Weekend Reads 061022
Hedge 133: Brooks Westfield and Multifactor Testing
Multi-factor testing is one of the most important jobs a vendor takes on—and one of the most underrated. Testing across all possible configurations and use cases is nearly impossible. Brooks Westbrook joins Tom Ammon and Russ White on this episode of the Hedge to talk about the complexity of multi-factor testing and some of the consequences of that complexity.
Revisiting BGP Convergence
My video on BGP convergence elicited a lot of . . . feedback, mainly concerning the difference between convergence in a data center fabric and convergence in the DFZ. Let’s begin here—BGP hunt and the impact of the MRAI are very real in the DFZ. Withdrawing a route can take several minutes.
What about the much more controlled environment of a data center fabric?
Several folks pointed out that the MRAI is often set to 0 in DC fabrics (and many implementations by default). Further, almost all implementations will use an MRAI of 0 for the first received update, holding the second and subsequent advertisements by the MRAI. Several folks also pointed out that all the paths through a DC fabric are the same length, so the second part of the equation is also very small.
These are good points—how do they impact BGP convergence? Let’s use the network below, a small slice of a five-stage butterfly fabric, to think it through. Assume every router is in a different AS, so all the peering sessions are eBGP.
Weekend Reads 060322
This edition of weekend reads begins with a few straight security stories of interest. I knew key loggers existed in the wild, but the logging of keystrokes before a web form is submitted is apparently a lot more common than I realized—
They found that 1,844 websites gathered an EU user’s email address without their consent, and a staggering 2,950 logged a US user’s email in some form. Many of the sites seemingly do not intend to conduct the data-logging but incorporate third-party marketing and analytics services that cause the behavior.
Illustrating that security is often a game of “whack-a-mole,” web skimmers are obfuscating their operation—
Hedge 132: DNS Complexity and the DNAME
We all intuitively know the DNS is complex—and becoming more complex over time. Describing just how complex, however, is difficult. Siva Kesava and Ryan Beckett just published a research paper taking on the task of describing DNS complexity, particularly in light of the new DNAME record type. It turns out its complex enough that you can no longer really validate zone files.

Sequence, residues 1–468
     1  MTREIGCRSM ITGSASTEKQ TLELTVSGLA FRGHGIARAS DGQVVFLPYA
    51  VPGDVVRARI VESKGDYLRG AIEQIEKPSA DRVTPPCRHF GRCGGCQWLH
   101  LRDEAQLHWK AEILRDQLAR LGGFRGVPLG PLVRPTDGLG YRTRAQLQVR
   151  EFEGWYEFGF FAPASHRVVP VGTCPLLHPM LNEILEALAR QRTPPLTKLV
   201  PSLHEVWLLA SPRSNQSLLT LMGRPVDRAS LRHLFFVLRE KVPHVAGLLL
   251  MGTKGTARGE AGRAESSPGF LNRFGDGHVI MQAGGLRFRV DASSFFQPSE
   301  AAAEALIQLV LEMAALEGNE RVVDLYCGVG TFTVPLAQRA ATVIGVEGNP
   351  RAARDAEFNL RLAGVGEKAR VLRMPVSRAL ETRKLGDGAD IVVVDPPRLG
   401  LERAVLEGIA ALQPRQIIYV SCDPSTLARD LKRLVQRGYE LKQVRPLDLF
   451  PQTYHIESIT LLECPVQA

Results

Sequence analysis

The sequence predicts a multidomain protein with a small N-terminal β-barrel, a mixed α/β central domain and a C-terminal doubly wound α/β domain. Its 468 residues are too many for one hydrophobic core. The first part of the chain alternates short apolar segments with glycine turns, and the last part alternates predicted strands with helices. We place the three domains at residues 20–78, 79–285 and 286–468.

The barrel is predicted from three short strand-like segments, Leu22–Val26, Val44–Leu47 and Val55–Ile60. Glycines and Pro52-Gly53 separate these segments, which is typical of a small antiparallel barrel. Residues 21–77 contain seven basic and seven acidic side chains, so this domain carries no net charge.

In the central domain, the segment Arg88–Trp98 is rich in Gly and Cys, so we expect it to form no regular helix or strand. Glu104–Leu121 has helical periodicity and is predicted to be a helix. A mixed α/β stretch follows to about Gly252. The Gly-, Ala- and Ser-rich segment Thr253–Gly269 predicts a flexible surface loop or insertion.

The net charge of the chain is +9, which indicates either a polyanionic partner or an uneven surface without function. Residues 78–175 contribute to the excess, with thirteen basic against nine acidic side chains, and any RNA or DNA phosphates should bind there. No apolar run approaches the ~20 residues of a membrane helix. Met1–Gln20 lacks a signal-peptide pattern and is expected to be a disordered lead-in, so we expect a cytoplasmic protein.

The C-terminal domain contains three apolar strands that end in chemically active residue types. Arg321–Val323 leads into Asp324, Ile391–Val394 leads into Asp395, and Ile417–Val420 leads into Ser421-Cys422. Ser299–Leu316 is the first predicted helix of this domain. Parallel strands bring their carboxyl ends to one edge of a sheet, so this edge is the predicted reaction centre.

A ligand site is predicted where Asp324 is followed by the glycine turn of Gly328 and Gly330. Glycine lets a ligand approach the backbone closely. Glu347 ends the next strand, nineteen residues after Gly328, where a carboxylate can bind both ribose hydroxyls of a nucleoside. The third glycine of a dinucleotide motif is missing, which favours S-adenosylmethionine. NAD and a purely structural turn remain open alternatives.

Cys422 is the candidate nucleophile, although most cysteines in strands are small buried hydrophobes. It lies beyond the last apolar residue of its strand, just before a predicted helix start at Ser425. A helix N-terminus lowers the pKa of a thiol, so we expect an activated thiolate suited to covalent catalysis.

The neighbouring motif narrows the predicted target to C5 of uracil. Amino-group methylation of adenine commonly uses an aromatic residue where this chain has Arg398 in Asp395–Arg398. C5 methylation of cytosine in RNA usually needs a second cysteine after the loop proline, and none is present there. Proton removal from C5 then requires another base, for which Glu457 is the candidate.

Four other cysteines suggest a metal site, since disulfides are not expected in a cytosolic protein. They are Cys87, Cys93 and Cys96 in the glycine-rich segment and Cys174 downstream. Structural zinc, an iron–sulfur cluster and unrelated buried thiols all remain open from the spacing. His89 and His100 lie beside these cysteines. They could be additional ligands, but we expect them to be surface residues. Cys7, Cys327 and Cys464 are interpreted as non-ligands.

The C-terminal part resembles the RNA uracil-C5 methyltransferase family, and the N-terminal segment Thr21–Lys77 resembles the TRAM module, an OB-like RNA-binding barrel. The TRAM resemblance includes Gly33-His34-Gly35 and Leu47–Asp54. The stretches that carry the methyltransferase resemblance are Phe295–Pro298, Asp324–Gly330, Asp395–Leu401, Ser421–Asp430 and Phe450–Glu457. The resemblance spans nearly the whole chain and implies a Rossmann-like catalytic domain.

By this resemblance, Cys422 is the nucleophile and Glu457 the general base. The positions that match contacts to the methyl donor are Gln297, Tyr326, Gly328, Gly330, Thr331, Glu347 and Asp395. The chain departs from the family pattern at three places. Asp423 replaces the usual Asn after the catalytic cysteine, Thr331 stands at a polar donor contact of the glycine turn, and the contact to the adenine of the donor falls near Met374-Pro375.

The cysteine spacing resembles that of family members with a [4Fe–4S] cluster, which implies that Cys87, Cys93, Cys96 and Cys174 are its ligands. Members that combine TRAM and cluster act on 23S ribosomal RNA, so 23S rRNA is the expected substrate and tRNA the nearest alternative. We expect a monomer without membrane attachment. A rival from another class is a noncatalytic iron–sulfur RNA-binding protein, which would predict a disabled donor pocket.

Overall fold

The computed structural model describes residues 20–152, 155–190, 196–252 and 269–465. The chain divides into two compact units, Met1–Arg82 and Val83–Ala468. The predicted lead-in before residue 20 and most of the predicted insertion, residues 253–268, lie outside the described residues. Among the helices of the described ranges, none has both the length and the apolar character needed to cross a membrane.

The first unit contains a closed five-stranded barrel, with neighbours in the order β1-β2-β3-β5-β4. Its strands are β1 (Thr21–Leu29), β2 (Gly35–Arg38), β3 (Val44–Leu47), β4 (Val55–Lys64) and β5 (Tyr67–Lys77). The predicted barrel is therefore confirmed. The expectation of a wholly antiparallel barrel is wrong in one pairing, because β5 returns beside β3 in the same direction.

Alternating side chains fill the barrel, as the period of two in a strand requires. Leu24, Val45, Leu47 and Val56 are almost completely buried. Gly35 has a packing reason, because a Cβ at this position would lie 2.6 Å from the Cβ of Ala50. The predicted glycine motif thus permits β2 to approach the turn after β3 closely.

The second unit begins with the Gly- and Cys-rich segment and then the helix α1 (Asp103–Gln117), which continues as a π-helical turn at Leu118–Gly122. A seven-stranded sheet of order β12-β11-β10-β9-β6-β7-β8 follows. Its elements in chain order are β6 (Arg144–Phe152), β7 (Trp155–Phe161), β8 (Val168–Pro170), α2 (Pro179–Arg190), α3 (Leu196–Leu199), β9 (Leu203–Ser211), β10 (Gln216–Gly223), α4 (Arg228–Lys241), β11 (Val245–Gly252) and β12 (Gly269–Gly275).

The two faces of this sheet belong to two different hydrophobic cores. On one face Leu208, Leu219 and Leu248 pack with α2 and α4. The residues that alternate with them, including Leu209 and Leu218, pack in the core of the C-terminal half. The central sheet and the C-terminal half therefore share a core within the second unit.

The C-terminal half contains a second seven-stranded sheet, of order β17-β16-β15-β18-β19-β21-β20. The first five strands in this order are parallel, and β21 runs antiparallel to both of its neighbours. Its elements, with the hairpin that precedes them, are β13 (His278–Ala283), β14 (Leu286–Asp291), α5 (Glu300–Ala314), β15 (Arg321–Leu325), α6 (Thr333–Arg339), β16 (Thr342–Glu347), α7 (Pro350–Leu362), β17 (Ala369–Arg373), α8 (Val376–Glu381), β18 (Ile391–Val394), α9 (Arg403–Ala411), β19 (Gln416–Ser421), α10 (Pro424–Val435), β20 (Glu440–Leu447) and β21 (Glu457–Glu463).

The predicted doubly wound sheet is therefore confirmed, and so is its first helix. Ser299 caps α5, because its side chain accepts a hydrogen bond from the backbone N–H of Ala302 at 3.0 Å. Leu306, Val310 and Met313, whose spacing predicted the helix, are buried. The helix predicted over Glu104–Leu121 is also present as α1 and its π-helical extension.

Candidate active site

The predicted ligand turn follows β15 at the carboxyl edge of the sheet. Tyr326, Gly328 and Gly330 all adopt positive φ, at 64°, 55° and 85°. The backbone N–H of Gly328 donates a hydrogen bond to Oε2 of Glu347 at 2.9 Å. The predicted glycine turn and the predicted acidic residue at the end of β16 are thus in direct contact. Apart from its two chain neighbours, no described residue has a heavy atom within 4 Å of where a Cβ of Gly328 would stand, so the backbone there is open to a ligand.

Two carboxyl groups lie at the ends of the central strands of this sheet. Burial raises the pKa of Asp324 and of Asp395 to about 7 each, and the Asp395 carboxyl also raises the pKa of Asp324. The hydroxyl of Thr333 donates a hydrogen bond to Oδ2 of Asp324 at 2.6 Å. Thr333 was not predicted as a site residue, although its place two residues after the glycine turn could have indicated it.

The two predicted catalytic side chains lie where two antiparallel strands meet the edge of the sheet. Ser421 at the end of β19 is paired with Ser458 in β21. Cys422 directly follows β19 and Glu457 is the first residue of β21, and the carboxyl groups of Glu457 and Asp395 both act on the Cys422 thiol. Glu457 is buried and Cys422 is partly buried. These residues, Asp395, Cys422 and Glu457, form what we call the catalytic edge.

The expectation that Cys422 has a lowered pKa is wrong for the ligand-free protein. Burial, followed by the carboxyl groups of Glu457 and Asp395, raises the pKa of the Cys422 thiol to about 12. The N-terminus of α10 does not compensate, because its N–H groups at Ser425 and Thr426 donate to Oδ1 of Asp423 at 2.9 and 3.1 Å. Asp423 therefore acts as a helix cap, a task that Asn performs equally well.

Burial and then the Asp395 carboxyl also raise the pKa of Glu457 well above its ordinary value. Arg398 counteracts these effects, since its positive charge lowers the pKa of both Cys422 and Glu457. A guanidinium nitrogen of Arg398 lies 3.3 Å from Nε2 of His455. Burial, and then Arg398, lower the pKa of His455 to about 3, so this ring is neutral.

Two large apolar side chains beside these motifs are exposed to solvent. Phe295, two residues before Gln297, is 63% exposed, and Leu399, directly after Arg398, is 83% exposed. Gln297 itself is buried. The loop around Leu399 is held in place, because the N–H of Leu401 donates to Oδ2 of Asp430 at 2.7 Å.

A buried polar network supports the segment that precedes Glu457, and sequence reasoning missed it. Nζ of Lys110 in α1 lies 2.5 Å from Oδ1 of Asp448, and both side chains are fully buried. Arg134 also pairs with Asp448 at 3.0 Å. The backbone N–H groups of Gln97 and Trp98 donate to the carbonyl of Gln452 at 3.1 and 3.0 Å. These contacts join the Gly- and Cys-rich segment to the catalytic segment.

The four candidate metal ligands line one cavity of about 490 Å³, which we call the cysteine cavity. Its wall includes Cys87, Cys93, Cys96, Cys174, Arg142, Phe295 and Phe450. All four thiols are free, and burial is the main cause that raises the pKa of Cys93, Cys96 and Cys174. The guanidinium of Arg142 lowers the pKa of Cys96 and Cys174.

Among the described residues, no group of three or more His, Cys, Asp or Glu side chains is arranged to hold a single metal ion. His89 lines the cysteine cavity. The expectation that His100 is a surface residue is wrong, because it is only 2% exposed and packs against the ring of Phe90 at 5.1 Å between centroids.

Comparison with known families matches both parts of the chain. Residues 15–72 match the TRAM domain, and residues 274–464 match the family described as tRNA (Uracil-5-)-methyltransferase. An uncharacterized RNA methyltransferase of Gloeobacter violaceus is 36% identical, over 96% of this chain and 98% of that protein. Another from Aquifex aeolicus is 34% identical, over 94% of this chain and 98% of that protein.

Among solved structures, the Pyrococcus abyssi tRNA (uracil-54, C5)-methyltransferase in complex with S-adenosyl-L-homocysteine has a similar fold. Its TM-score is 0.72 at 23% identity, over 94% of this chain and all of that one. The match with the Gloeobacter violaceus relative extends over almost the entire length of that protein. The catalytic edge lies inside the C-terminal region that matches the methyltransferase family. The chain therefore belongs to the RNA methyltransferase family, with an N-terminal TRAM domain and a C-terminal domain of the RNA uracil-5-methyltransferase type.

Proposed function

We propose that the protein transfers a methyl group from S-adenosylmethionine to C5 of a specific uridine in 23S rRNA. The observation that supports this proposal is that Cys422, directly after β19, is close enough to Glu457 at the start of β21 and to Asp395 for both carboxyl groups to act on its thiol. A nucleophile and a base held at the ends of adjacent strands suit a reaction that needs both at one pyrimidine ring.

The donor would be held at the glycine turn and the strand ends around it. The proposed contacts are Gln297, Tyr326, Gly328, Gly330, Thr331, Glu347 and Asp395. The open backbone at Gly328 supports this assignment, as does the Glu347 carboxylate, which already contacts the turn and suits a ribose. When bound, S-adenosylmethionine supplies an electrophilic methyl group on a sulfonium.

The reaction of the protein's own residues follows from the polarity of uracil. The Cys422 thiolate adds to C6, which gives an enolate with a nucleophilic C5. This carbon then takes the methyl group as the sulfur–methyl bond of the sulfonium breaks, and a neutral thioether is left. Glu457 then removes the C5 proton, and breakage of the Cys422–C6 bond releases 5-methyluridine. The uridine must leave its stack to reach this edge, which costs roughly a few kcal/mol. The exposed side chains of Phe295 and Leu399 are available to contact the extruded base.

How BGP Really Converges
This lesson in Russ White’s BGP course gets into withdrawing a route, MRAI time, implicit withdraws, BGP Hunt, graceful restart, and other topics.
Weekend Reads 052722
Leading off this weekend, an article by Simon Sharwood on the impact of the centralization of the Internet. I wrote a somewhat longer article on the Public Discourse a while back on the same topic.
The internet has become smaller, the result of a rethinking of when and where to use the ‘net’s intended architecture. In the process it may also have further concentrated power in the hands of giant technology companies.
Is softwarization really going to change the way we build networks from the ground up? I suspect things will change, but they’ve always changed. I also suspect we’ll be hearing about how software is going to eat the world ten years from now, and IPv6 still won’t be fully deployed.
Hedge 131: Easier for the Computer or the Person?
One of the mainstays of scripting—and now network management—are increasingly focused on making things “easier” for the human operator. Does this focus on making things “easier” for the operator produce a better experience, though? Or does it create frustration as humans try to “outguess” the computer’s programming and process? Join Tom Ammon and Russ White as they discuss the problems with scripting, automation, and ease-of-use.
Weekend Reads 052022
The idea of this declaration has a lot to do with the “Past of the Internet.” When the Internet was developing in the 1980s and 1990s, it was seen primarily as a tool that would expand individual freedoms worldwide, strengthen democracy, and create prosperity through innovation and economic progress.
Hedge 130: The Importance of Network Inventories
Inventories are generally hard, and hence don’t tend to be where you’d like to spend your time. The importance of having a good inventory, however, can hardly be overstated. Malcom Booden joins Tom Ammon and Russ White to talk about the importance of inventories and inventory ideas.